When Kirsty Dyball moved into her dream home on the New South Wales Central Coast a year ago, the last thing she expected to find on her porch was a bright blue peacock.
While many in the community might find the sight charming, Ms Dyball said she was terrified.
“It sounds totally neurotic to anybody else, but when I’m driving around and they’re in the middle of the road just slowly wandering across, I can’t even look at them,” she said.
Her reaction stems from a deeply-ingrained childhood phobia of feathers, but has recently evolved into a safety concern.
“They just come out from the side of the road and then all of a sudden everyone’s got their brakes on,” she said.
“Personally, I think they’re very dangerous.”
Long love affair with colourful birds
Peafowl, as the males and females together are called, have been a point of pride in Ourimbah for decades, with the earliest memory of several strutting around on Peach Orchard Road being in the 1970s.
Currently the town is home to around 25 of the birds.
Long-time resident Julie Pallott said she suspected some were descendants of peafowl she was gifted six years ago.
She said a friend bought them from a breeder in western NSW and over the years the birds had bred and become cherished members of the community.
Daycare worker Kimberley Weeks said she was surprised when she first saw one hop into her backyard.
“I was a little bit scared at first,” she said, adding that over time, everyone grew to love them.
“It’s not a wild animal. These are beautiful birds. They’re not hurting anyone,” she said.
“We put a bucket of food out the front for them [and] the kids love sharing their breakfast.”
Widely considered a community pet in Ourimbah, the peafowl can often be seen in trees, atop cars, or feeding on bird seed on porches across the suburb.
There is even a Facebook page: Ourimbah Peacocks — Look After Our Wildlife, dedicated to their safety following a spate of road deaths.
“We’ve got some people who come through the community … they drive a little bit fast and the peacocks are quite slow,” Ms Weeks said.
“You can see them splattered on the road, it’s heartbreaking.
“We need crossings to slow down the traffic.”
Ms Weeks said residents would often nurse injured peafowl back to health and pay for any medical expenses.
Joanne Tinsley, who runs the Facebook page, took matters into her own hands and paid for signs encouraging drivers to proceed with caution.
But she said the amateur signs were not working, with another death as recently as two weeks ago.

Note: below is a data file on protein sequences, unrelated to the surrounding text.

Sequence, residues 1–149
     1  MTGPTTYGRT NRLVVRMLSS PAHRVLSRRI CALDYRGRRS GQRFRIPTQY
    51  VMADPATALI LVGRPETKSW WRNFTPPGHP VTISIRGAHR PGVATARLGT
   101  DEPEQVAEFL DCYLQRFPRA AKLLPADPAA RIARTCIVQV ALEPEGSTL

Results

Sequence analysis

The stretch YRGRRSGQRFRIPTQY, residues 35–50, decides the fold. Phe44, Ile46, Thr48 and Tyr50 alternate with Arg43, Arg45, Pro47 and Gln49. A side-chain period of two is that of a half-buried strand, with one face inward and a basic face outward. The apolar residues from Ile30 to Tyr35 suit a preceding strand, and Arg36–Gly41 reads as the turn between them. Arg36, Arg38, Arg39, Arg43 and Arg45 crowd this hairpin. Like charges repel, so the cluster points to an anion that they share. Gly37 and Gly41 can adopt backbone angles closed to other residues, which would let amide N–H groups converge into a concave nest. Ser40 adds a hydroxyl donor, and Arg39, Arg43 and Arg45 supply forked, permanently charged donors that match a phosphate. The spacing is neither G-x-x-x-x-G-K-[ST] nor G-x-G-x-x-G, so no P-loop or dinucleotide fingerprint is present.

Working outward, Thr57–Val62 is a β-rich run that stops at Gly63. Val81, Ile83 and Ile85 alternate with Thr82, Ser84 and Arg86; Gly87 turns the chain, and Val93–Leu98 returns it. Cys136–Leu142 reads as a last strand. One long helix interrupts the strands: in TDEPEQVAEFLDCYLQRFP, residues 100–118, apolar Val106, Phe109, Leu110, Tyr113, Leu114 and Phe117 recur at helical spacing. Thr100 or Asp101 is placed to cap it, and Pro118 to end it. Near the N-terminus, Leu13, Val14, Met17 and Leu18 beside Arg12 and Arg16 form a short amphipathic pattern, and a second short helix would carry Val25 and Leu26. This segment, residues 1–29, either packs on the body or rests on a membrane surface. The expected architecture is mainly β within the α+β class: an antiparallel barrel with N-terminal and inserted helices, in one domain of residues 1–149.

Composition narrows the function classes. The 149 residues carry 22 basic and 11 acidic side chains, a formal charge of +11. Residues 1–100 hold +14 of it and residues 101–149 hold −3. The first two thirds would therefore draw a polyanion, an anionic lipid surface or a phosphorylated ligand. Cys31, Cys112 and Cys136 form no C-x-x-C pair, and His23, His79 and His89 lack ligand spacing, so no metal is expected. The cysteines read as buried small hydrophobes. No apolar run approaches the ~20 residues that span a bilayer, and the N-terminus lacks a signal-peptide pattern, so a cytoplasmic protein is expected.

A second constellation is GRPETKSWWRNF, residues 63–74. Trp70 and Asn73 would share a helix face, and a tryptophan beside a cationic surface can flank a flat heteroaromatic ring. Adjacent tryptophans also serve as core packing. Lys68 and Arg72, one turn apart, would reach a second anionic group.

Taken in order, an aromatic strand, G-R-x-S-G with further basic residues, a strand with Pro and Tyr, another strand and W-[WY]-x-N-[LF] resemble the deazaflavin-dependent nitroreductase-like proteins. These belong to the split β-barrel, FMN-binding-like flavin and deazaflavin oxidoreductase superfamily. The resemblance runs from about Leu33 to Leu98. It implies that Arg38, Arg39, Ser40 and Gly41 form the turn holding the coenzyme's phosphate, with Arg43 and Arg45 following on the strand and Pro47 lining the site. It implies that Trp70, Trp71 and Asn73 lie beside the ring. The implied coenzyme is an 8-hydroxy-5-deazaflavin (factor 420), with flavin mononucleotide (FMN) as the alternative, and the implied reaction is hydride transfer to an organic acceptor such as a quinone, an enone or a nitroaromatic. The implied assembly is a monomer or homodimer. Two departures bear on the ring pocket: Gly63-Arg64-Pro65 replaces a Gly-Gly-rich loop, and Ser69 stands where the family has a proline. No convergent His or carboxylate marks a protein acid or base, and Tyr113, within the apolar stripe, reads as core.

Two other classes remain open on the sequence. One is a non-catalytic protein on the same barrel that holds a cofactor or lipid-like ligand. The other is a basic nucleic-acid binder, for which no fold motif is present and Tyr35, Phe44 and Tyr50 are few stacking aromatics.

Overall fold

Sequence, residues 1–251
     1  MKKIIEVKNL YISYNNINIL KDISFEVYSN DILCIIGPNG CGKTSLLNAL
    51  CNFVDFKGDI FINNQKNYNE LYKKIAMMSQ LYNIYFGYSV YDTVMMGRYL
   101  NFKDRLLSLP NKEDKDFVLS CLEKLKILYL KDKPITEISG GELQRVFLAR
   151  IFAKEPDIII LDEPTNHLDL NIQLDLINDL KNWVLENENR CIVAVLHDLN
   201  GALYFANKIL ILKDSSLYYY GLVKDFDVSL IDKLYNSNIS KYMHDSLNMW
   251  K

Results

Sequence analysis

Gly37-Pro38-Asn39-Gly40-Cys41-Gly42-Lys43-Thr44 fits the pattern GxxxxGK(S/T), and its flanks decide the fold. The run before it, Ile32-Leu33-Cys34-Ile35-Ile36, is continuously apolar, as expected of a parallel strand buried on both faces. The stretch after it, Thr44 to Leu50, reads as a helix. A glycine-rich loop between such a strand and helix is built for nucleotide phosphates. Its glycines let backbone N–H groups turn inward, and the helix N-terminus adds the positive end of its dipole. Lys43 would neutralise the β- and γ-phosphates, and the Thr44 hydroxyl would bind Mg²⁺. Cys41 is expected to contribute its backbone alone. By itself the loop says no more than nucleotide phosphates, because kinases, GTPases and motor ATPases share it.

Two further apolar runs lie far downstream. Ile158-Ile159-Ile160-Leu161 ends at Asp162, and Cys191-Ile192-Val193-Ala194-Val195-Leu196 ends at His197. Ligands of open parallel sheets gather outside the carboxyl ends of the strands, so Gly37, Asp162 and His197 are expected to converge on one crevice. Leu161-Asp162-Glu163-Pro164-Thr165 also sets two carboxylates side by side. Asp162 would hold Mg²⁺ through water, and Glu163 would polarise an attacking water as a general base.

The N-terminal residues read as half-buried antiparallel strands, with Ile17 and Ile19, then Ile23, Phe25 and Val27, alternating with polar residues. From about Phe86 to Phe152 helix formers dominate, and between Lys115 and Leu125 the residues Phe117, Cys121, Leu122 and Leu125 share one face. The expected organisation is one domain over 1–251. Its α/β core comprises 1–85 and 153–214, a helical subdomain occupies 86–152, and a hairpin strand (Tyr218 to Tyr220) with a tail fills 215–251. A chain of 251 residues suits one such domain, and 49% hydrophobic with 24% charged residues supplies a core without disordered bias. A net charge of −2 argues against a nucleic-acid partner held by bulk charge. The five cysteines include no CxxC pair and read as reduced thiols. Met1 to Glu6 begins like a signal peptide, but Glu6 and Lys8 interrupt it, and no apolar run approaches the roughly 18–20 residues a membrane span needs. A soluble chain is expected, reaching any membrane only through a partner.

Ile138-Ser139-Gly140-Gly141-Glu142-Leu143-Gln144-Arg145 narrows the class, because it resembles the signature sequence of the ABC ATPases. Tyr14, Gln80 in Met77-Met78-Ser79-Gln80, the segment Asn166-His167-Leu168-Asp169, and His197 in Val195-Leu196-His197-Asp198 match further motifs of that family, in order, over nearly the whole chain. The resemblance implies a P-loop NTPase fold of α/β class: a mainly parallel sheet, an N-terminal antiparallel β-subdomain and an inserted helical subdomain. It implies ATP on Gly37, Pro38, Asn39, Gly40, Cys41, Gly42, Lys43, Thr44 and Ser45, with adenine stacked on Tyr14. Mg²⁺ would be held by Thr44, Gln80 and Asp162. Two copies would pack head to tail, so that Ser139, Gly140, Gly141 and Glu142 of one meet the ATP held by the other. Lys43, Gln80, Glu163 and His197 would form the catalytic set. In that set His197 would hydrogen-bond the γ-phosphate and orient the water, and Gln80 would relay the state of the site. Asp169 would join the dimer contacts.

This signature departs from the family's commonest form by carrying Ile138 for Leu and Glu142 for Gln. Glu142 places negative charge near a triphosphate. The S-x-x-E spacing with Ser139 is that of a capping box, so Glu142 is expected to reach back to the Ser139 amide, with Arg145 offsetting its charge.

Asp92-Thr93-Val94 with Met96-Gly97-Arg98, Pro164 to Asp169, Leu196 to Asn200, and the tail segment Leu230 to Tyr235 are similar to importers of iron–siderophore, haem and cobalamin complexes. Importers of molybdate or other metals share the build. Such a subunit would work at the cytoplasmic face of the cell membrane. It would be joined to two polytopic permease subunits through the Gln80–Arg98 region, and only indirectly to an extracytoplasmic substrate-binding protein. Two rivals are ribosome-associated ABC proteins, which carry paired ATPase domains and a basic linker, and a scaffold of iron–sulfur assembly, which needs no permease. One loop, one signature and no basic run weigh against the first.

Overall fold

Central Coast Mayor Jane Smith noted there were traffic calming devices in the area, but admitted more could be done.
“It’s a matter of always being mindful of what’s going on around you when you are driving, but signage may be an appropriate solution,” she said.
Feathers ruffled by narcissistic birds
Ms Dyball is passionate about the birds too, just not in the same way as others in her community.
“If you don’t love them and [don’t] think they’re majestic, then they’re quite annoying,” she said.
She said her husband had complained to the local council about the birds — but he is not the only one.
In a Facebook post, Ourimbah resident Tara Kingman Williams wrote that the birds could be a pest.
“They fly onto my roof (thankfully not my car) and one of the males seems determined to try to show off to my chickens and is constantly coming over and wooing them,” she said.
“But they are also beautiful. My kids adore them and I think we are very lucky to share a suburb with them.”
Peacocks are notoriously narcissistic and are often found on verandahs and cars, staring at reflections of themselves in the windows.
During mating season, colourful tail feathers are little consolation to residents irritated by the blaring cries of peacocks trying to attract the attention of peahens.
No plans by council to manage birds
Ms Pallott said she felt guilty she may have caused problems by introducing some of the peafowl into the community.
Even the most understanding residents admitted they could see the animals becoming a greater issue in the future.
“The community are trying to contain them [but] I can see them overpopulating,” Ms Weeks said.
Mayor Smith said she had always assumed peafowl were an admired feature of the community, and said council was not currently considering any kind of population management.